Sixteen Bits Online


TIP - The Internet Project

by Iain Gould

I'm back. After not being able to submit a report last month (read: I forgot), I thought that maybe everyone out there in PCUG-land might be interested to know what is happening with TIP.

On the first of October, 527 TIP accounts were suspended for not signing the Acceptable Use Policy declaration. Since then, approximately 50 have been unsuspended. If you are still suspended, and wish to be reinstated, then rock on down to the PCUG Centre at Northpoint Plaza any weekend (except long ones) between 9am and 5pm or Monday, Wednesday, Friday between 10 am and 2pm and sign a Declaration. Your account should be reinstated within the week.

On the other hand, if you have decided to let your TIP account lapse for any reason, we would really appreciate it if you could let us know so that we can clean up some old accounts. Important News!

By the time you read this, TIP will have relocated (with any luck) to the new centre at Northpoint Plaza - it will be in the room down the back (no, not in the toilet). Thus everyone will need to reconfigure their dialler software to connect to the new number for TIP. By the way, the number is now:

206 6200

How To Update Software

Here are the instructions for Trumpet Winsock (Windows 3.x) and for Dial-Up Networking (Windows 95). Those of you using Macintosh, OS/2, Linux, CP/M or MVS/XA will have to work it out.

Trumpet Winsock

Windows 95 DUN

Why doesn't this number follow the pattern of the other PCUG numbers at Belconnen?

As part of the relocation, the PCUG invested in upgraded routing and access hardware - a Cisco AS5200 Universal Access Server. This device provides basic routing functionality between the Public and Private networks of TIP, as well as dial-in services for TIP users using ISDN technology (see diagram).

The AS5200 provides up to 60 in-bound lines, initially 48 due to hardware delivery issues. Instead of 60 standard Telstra phones lines being required (as is the case with the equipment used up until now), only two Primary Rate Interfaces (Macrolinks) are used. The modems will initially be V.34 digital modems.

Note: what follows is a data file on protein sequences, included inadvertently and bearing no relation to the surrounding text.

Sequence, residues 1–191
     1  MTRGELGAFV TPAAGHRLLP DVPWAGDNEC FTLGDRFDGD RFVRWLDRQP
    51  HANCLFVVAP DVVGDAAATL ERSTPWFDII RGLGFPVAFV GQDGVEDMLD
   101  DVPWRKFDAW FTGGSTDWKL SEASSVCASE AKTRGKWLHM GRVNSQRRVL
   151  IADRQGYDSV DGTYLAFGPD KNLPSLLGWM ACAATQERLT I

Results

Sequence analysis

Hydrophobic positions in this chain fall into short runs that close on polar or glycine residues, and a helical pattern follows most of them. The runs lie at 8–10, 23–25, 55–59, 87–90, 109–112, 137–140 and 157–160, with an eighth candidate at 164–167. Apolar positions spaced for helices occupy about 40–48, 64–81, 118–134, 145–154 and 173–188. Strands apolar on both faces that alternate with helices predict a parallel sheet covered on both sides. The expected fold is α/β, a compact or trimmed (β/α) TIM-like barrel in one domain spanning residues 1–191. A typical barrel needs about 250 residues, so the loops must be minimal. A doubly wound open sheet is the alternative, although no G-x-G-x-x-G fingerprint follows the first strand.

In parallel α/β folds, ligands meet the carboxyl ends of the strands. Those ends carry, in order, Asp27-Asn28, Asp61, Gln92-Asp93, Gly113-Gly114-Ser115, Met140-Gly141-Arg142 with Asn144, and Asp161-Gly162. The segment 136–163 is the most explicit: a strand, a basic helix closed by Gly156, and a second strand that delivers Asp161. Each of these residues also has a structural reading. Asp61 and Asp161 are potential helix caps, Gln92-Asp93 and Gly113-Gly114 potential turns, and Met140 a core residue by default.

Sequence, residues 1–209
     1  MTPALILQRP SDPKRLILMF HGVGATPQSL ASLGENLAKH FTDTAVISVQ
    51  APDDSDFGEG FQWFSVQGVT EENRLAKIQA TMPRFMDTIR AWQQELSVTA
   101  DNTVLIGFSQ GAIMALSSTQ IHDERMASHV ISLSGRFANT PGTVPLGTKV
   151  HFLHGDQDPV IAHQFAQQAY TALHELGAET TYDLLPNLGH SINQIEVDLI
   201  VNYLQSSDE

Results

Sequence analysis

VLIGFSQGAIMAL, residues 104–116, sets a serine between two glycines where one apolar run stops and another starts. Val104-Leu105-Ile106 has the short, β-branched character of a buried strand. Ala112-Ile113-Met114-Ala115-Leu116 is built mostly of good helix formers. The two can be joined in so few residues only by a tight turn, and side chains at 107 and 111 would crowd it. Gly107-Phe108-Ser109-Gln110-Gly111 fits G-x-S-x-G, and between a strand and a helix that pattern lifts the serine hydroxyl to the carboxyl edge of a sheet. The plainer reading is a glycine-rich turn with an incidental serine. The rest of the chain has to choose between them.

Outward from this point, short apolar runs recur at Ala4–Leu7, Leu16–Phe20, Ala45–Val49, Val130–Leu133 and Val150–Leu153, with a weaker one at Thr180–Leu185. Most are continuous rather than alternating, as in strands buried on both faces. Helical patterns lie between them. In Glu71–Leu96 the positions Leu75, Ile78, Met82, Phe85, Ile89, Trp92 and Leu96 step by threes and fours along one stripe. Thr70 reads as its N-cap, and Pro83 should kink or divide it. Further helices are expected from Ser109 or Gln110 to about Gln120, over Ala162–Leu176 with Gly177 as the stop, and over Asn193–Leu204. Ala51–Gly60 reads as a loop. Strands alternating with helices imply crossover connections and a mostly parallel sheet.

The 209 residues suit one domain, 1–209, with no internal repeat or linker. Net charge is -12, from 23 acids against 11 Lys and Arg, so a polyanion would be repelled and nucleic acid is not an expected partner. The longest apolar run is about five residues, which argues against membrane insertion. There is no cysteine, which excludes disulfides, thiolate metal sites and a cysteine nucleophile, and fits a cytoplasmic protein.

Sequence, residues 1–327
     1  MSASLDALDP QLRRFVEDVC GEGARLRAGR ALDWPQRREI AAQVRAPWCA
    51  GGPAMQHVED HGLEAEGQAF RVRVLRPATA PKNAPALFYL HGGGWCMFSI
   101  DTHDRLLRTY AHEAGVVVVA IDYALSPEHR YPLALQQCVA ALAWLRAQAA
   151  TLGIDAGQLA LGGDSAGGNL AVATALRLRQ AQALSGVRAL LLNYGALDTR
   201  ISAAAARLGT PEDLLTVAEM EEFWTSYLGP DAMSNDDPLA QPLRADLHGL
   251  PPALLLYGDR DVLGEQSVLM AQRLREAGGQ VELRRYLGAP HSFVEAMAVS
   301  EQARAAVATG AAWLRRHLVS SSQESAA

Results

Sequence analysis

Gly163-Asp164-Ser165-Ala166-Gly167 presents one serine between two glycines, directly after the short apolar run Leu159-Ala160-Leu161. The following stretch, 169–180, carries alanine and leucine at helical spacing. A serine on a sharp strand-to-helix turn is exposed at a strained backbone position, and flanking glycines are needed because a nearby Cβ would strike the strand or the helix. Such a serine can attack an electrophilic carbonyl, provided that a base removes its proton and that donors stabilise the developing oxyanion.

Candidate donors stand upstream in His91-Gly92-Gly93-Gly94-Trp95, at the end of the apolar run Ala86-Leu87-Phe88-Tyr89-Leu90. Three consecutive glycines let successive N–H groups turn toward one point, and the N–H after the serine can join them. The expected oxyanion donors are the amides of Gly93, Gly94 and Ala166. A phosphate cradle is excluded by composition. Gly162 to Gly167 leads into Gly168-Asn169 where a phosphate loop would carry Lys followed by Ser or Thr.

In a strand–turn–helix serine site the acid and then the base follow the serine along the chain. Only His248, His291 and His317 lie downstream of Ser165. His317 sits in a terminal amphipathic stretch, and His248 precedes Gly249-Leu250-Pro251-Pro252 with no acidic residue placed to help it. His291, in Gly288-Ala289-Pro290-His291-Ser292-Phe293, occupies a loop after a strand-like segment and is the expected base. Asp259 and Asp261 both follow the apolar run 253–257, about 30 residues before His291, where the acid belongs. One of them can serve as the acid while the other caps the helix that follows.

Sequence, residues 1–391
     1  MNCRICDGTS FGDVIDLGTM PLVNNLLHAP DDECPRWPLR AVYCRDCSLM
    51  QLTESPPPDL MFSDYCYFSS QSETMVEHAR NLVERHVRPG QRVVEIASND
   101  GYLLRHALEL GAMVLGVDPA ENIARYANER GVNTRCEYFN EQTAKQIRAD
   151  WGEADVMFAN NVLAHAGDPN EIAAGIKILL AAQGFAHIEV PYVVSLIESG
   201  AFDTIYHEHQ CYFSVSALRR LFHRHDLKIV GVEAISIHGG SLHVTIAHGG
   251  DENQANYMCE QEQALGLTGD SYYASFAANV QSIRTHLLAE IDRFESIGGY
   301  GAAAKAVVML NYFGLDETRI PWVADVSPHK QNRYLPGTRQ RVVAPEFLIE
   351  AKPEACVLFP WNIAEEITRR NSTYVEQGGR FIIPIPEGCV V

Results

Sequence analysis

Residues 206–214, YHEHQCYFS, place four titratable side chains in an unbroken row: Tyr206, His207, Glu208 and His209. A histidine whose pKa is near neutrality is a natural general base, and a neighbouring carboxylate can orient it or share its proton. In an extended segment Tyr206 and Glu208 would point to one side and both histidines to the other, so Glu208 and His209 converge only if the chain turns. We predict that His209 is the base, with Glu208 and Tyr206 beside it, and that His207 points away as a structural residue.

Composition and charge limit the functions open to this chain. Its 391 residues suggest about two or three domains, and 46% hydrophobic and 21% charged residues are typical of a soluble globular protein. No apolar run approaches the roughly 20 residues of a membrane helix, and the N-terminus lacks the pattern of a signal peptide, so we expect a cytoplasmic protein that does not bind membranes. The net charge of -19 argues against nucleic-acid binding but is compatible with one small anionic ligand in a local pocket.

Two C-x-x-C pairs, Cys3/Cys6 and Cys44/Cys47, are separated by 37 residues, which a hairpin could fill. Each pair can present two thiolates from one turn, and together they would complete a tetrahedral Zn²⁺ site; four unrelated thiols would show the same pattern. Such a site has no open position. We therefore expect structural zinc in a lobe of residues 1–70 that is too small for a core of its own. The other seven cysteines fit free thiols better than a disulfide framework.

The benefits that we will achieve from this hardware upgrade include:

  1. Increased number of dial-in lines.
  2. Digital connectivity (better quality at the TIP end).
  3. Elimination of multiple external modems that require individual configuration and management.
  4. Better management by the use of fully integrated access equipment.

What Is ISDN?

(Courtesy of Telstra Learning)
"ISDN stands for Integrated Services Digital Network. The concept of an ISDN type of service has been discussed by the business and scientific communities for many years. As long ago as the early 1970's, discussions were taking place about the need for a high speed digital switched service capable of carrying voice, data and image in an integrated way. It took until the late 1980's for these discussions to result into a practical reality. Telecom Australia [now Telstra] was amongst the first telecommunications companies in the world to offer ISDN to its customers, and is leading the world in the provision of a national ISDN service. Telecom introduced ISDN in mid 1989, providing a totally digital and flexible network offering direct access to a wide range of communications services. The network operates at a basic speed of 64 kbit/s enabling users to transmit voice and high speed data on a simple circuit-switched connection."

Whew. That's the official line, but what does it mean? ISDN can be thought of as a fully digital version of the original, traditional, pervasive public telephone network (PSTN). Both are circuit-switched networks (i.e. calls are made, and a circuit established through the carrier's network and maintained for the duration of the call). Both use the same numbering scheme - and this means that normal telephone (and fax or modem) calls can be made from one network to the other.